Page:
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  • Data privileges #

    A privilege granted to a role conveys the right to perform specific operations.

    Learn more about the basics of adding and removing privileges on the Galaxy privileges basics page.

    The sections of this page cover the different data privileges that can be managed in Starburst Galaxy. This includes privileges that can be applied to catalogs, schemas, tables, views, and columns, as well as managing access to object storage locations and the rights to execute functions and SQL routines.

    Management of account-level and cluster-level privileges is discussed in Account and cluster privileges.

    Catalog privileges #

    Catalogs are identified by catalog name, and catalog names must be unique within your Starburst Galaxy account. The only privilege on a catalog is Create schema, which allows a role with that privilege to create new schemas in the catalog.

    A catalog is visible to a role in any of the following situations:

    • The role has the Create schema privilege on the catalog.
    • The role has some privilege on a schema or table contained in the catalog.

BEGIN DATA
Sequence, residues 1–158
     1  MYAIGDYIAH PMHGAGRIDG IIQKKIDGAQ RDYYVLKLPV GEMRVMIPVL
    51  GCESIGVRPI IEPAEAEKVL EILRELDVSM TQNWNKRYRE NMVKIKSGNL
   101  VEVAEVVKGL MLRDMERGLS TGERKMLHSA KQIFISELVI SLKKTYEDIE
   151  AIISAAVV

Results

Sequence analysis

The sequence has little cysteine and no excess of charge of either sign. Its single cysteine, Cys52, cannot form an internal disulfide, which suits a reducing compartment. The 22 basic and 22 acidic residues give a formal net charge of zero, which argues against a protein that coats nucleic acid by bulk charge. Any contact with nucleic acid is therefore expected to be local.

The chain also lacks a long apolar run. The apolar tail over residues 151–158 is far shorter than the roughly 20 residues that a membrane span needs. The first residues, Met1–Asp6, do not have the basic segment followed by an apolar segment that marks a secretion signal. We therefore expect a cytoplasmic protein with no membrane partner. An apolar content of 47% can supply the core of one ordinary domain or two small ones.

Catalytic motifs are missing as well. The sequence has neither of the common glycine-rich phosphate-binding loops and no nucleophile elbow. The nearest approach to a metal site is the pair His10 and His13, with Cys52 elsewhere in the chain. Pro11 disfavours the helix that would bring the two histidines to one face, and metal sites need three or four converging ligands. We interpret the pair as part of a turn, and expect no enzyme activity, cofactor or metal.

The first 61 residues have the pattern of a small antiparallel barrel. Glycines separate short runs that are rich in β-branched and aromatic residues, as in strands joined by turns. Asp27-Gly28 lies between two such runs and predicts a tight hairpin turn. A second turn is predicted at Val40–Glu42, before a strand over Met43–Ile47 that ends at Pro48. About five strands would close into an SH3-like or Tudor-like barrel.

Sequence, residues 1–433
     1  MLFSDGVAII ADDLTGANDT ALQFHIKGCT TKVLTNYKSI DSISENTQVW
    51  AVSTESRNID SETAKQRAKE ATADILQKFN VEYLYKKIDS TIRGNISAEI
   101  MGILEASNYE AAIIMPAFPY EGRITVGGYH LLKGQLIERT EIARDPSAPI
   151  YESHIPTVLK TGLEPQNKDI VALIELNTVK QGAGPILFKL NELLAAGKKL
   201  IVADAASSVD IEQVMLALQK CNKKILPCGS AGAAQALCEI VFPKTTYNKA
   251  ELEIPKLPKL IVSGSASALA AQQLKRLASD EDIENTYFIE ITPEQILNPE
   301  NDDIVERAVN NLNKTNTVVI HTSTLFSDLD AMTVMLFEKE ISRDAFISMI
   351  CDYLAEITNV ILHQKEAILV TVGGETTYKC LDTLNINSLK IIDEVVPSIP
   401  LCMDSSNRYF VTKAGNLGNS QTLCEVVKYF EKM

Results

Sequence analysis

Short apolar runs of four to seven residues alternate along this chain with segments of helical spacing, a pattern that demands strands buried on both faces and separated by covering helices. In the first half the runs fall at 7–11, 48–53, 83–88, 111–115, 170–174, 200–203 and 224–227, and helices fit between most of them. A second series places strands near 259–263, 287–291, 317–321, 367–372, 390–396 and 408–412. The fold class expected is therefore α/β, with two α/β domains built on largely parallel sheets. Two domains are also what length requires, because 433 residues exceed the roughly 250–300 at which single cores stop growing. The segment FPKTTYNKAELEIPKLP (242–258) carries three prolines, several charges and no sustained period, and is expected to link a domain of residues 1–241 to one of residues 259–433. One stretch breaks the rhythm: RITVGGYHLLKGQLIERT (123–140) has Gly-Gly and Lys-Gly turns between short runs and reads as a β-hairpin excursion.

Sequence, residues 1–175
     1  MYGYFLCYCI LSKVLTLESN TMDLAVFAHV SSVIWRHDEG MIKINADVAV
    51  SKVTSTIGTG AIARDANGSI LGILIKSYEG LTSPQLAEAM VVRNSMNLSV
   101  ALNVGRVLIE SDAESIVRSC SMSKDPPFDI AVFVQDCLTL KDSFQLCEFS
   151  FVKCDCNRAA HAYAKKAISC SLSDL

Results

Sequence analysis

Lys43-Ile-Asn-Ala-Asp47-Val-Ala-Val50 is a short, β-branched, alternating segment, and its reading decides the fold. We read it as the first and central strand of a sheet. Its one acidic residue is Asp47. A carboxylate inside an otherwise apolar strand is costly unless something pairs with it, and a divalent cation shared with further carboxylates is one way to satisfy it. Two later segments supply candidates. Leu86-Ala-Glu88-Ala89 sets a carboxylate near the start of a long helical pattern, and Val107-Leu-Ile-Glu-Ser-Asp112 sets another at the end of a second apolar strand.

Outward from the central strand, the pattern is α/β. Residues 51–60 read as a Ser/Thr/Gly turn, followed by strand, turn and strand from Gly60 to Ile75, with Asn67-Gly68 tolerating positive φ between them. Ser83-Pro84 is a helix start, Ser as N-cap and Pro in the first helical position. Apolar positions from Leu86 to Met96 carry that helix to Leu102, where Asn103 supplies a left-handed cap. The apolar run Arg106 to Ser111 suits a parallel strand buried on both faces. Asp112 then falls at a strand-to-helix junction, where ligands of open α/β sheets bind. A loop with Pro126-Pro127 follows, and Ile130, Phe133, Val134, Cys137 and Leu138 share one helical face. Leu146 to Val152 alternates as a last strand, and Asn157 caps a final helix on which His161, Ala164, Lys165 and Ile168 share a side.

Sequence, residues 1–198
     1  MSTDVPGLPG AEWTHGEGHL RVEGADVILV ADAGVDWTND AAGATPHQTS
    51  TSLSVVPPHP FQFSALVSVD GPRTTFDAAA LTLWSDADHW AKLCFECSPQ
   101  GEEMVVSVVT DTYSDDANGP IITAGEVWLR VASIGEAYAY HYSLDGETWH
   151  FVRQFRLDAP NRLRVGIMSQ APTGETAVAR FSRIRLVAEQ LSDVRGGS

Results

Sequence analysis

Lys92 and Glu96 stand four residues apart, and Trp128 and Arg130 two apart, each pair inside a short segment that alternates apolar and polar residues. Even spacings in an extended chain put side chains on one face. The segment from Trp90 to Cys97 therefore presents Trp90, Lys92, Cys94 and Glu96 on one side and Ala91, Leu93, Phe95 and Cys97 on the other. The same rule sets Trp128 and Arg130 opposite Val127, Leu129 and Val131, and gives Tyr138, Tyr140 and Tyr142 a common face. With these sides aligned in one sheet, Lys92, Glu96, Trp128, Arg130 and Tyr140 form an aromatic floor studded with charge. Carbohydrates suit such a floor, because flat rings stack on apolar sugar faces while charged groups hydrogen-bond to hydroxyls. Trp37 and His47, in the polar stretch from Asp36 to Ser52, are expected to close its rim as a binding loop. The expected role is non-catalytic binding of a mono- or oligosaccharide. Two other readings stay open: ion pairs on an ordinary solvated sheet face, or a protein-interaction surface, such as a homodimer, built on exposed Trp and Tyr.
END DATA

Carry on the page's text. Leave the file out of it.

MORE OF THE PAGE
• The role is the catalog owner.
    • The role has the Manage security privilege.

    When a catalog is created, the creating user is prompted to specify roles that can read from and/or write to the catalog. These roles are granted wildcard permissions on schemas and tables in the catalog.

    Privilege Grants ability to
    Create schema Allows creation of new schemas inside the catalog. To rename a schema, a role must own the schema in addition to having the Create schema privilege on the catalog.

    Schema privileges #

    Schemas have names and are contained in a catalog. By default, the role that owns the catalog containing the schema also owns the schema, but you can change the schema owner in the UI and in Trino.

    In SQL, you can set the owner of a schema monthly_sales in catalog prod_data to role sysadmin this way:

    ALTER SCHEMA prod_data.monthly_sales
    SET AUTHORIZATION ROLE sysadmin
    

    You can see the current owner of a schema from the SHOW CREATE statement:

    SHOW CREATE SCHEMA prod_data.monthly_sales
    

    A schema can contain one or more tables and/or views.

    Privilege Grants ability to
    Create table Allows creation of new tables inside a schema within a catalog. To rename a table, a role must own the table in addition to having the Create table privilege on the schema.

    Table privileges #

    Tables have names, and are contained in a schema, which in turn is contained in a catalog. Tables may also have owners. Ownership of a table is automatically assigned to the creating role when the table is created using Galaxy, but if the table was created outside of Galaxy, it does not have an explicit owner. If there is no explicitly specified role owning the table, then the role owning the table is the one that owns the schema. Similarly, if there is no explicitly specified role which owns the schema, then the role owning the catalog owns the table.